Crime Can Be Anything You Want…
Here are some jottings I found on writing crime fiction. I have a sneaking feeling some of these points came from a US TV writer, but I can’t for the life of me remember who – if it was you and I’ve not namechecked you, I’m sorry, tell me and I’ll correct it.
Crime is a Trojan horse
It can be a vehicle for zeitgeist stories and iconic characters. The genre is a gateway to pretty much any kind of dramatic story. Crime provides stories about secrets, lies and betrayal, of extreme emotion and acts committed under stress, of passion, death and survival.
Never dwell on the crime
Always concentrate on human behaviour. A powerful theme,a strong characterisation for your hero and logical behaviour. If you’re writing about Charles Manson, it’s wise to keep in mind that he doesn’t wake up each morning thinking he’s crazy. He wakes up each morning thinking you’re crazy. No-one starts the day saying to themselves, ‘I’m really going to be really disgusting to people today.’ Everyone starts off the day feeling righteous. So when someone commits a crime, it’s never their fault. It’s the victim’s fault. Or society’s fault. If we follow the logic of behaviour the story will always dictate to us how it tells itself, not the other way around.
Murder is best
All other crimes pale into insignificance. Ideally, there’s also the threat of death for the killer. There are so many different ways of telling a detective story. From the killer’s point of view to locked-room mysteries, the only thing that never really satisfies is if it turns out to be an anticlimactic accident or, in the case of one Dorothy L Sayers story, a suicide that looks like murder that’s actually a suicide. You can’t help but feel let down a bit.
Before the crime comes the person
The genre won’t work without recognisable characters and careful step-by-step plotting. The best dramas develop their characters through the story. They are interdependent. Normally the detective’s role is to shine a light on the crime, but crimes can exist to throw a spotlight on the hero.
Don’t get joyless
Humour and optimism are fundamental as counterpoints and intensifiers for dark themes. Too much crime insists on stylised bleakness over humour and humanity. I love Mo Hayder’s writing but her work is so very dark it’s often hard to find any light. Humans aren’t built like that.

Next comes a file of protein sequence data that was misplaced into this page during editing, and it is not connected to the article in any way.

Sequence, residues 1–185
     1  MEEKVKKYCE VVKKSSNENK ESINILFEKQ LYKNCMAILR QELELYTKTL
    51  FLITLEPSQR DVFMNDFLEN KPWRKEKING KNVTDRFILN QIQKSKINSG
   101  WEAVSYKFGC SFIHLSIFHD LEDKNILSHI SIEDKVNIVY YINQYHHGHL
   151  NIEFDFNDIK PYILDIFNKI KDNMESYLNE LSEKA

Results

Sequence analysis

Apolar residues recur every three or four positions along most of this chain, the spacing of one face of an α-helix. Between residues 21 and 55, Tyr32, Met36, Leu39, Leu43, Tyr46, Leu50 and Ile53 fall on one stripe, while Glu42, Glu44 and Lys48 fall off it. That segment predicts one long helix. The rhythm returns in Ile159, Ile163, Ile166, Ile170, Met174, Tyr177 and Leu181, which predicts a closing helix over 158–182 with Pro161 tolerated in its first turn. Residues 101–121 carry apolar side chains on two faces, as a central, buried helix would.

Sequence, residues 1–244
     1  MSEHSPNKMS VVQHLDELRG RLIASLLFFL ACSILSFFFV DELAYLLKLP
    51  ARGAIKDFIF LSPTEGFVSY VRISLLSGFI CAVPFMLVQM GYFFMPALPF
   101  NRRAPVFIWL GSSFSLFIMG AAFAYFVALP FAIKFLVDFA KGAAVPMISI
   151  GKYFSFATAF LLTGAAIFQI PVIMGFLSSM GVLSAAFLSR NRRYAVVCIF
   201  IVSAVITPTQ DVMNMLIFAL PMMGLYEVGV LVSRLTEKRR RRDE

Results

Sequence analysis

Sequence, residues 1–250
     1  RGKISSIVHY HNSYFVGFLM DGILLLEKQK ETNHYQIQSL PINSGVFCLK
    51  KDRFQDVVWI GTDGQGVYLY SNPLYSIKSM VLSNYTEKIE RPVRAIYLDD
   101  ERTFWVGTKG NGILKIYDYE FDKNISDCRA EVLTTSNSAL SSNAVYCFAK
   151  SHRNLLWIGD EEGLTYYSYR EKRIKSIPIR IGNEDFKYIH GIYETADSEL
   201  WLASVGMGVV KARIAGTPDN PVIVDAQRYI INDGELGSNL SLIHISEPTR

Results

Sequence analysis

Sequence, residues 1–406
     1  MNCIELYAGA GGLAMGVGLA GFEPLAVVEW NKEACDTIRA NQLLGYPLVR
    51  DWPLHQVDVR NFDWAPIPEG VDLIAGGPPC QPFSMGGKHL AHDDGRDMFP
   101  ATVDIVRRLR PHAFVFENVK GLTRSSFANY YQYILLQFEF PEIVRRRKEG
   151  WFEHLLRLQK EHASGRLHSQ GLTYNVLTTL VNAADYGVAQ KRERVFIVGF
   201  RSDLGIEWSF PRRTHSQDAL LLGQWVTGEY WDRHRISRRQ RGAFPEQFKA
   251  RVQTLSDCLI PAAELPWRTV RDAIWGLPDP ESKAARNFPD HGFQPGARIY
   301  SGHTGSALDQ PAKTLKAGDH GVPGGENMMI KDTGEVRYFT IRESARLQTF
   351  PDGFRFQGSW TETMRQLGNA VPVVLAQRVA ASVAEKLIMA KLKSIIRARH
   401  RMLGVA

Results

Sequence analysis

For every crime, there’s a criminal
There are countless examples of the calculating psychopath in crime fiction, but many recent British offerings have a criminal who commits a human error. Try writing about ‘there but for the grace of God’ characters. People like us who have made mistakes, sometimes terrible mistakes, but who are not inherently ‘other’. Add borderline moral judgment calls. These propel them into an unplanned spiral of criminality.
Detectives needs ‘a thing’
Sherlock Holmes has his deductive powers, Poirot his ‘little grey cells’. To be distinctive, you want a detective who does things their way. Ideally the solution is revealed through the prism of their personality. Holmes casts an immense shadow but there are other heroes with stranger traits, just as there are people.
Many contemporary British crime dramas occupy a supposedly realistic sub-genre, reflecting the societal causes of crime and its effects on people. Bad things test people, and that’s what drama is; it brings out character, and that’s when heroes are created. A heroine is someone you like, and then you pile as much pain on her as you can think of. We enjoy the vicarious thrill/catharsis of playing out things that we wouldn’t want to go through; the thrill of relating to an admirable person whose experience we wouldn’t want to have to go through.
. . . or escapist
You can disregard the restrictions of contemporary reality. Many plots rely on coincidences or accidents, but if you go along with the spirit of the puzzle you’re properly playing the game.
Even a country house mystery can be subversive: lies, deceit, broken skulls, corpses piling up in the very seat of what it means to be English. A world is thrown into chaos until the detective turns up to unravel plot and apportion guilt in a grandstanding final act.
If you write your back stories well enough and create believable motives for enough suspects, you can sometimes change who is guilty at quite a late stage. And then all the subtle ‘tells’ you subconsciously attach to the original guilty character, at a stroke, become interesting misdirection.